President Donald Trump has told his NATO allies in Brussels that all members of the alliance must pay their fair share of defense spending.
“Massive amounts of money” were owed, President Trump said, voicing a long-held US concern that others are not paying enough.
However, NATO states’ contributions are voluntary and a target of spending 2% of GDP on defense is only a guideline.
Again condemning May 22 bombing in Manchester, Donald Trump said terrorism must be “stopped in its tracks”.
The president called for a moment of silence in memory of the 22 adults and children killed in the “savage attack”.
Before visiting NATO’s new HQ, which was formally opened at May 25 gathering, Donald Trump met several EU leaders for the first time, including France’s new president, Emmanuel Macron.
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Donald Trump’s first foreign tour as president will end on the Italian island of Sicily at a G7 summit on May 26.
According to NATO’s 2016 annual report, only five countries met the 2% defense spending target – the US, the UK, Greece, Poland and Estonia.
The alliance hopes that all 28 member-states will reach this target by 2024.
“This is not fair to the people and taxpayers of the United States, and many of these nations owe massive amounts of money from past years and [from] not paying in those past years,” Donald Trump said.
Germany spent 1.2% on defense in that period, but Berlin argues that its spending on development aid also contributes to international security.
Donald Trump has been criticized for his admiration of Russian President Vladimir Putin. and his administration is embroiled in allegations of close ties with Russian interests.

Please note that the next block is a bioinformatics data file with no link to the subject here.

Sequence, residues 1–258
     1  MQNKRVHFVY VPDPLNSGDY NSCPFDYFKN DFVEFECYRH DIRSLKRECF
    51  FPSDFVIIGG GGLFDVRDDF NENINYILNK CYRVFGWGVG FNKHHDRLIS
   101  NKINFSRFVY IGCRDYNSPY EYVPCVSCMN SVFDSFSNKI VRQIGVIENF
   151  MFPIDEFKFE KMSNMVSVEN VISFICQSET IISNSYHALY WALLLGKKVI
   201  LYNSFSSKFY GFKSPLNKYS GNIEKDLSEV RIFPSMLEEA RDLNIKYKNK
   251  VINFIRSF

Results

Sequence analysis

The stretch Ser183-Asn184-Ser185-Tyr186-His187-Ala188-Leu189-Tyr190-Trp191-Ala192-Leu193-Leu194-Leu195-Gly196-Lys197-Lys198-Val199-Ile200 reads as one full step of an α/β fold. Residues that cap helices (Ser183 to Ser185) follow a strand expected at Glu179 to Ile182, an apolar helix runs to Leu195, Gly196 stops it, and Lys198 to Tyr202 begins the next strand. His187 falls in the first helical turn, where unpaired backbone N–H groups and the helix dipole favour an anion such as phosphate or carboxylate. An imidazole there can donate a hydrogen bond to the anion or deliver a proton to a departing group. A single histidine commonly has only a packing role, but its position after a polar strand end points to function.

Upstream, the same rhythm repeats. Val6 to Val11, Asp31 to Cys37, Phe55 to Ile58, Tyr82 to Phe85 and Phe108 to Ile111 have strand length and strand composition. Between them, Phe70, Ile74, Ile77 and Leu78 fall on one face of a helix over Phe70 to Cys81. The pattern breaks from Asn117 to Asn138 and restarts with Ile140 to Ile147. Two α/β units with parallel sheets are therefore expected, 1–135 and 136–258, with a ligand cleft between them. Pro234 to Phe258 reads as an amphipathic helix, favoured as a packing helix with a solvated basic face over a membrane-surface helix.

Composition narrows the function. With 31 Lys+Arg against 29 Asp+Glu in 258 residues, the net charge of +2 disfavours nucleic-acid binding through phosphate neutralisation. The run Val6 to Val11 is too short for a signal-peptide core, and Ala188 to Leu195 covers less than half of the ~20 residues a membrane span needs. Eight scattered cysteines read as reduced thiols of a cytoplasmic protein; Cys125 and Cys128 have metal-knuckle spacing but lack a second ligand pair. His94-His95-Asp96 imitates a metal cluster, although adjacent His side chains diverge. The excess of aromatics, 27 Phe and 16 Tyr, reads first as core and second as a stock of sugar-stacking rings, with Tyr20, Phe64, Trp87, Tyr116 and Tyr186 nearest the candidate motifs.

However, at NATO HQ, Donald Trump said: “The NATO of the future must include a great focus on terrorism and immigration, as well as on threats from Russia and on NATO’s eastern and southern borders.”
There was some concern that President Trump had not mentioned Article Five, NATO’s commitment to mutual defense in the event of an attack on a member, but an unnamed White House official told Reuters that the president stood united with other NATO leaders.
Earlier, European Council President Donald Tusk said after meeting Donald Trump: “I’m not 100% sure we can say that we have a common position… on Russia although when it comes to the conflict on Ukraine we were on the same line.”
The NATO summit will see the alliance agree to a US plan for the military alliance to take a bigger role in the fight against Islamist militants, particularly jihadist group ISIS – but France and Germany insist the move is symbolic.
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NATO Secretary General Jens Stoltenberg said: “Today we will decide to expand our support to the coalition with more AWACS [Airborne Warning and Control System] flight time, more information sharing and air-to-air refueling.
“This will send a strong political message of NATO’s commitment to the fight against terrorism and also improve our coordination within the coalition but it does not mean that NATO will engage in combat operations.”
Ahead of May 25 meetings, Secretary of State Rex Tillerson told reporters that President Trump “really wants to persuade NATO members to step up and fully meet their obligations”.
He added: “I think you can expect the president to be very tough on them and say… <<We are doing a lot. The American people are doing a lot for your security, for joint security. You need to make sure you’re doing your share for your own security as well>>.
“That’s going to be the core of his message to NATO.”
Rex Tillerson also said President Trump had yet to make a final decision on whether the US would remain in the Paris climate agreement.
Before going to NATO HQ, where he will deliver a short speech, Donald Trump is due to have a private lunch with new French President Emmanuel Macron after meeting the leaders of the European Commission and European Council.
Emmanuel Macron is expected to try to persuade Donald Trump not to renege on the Paris climate accord.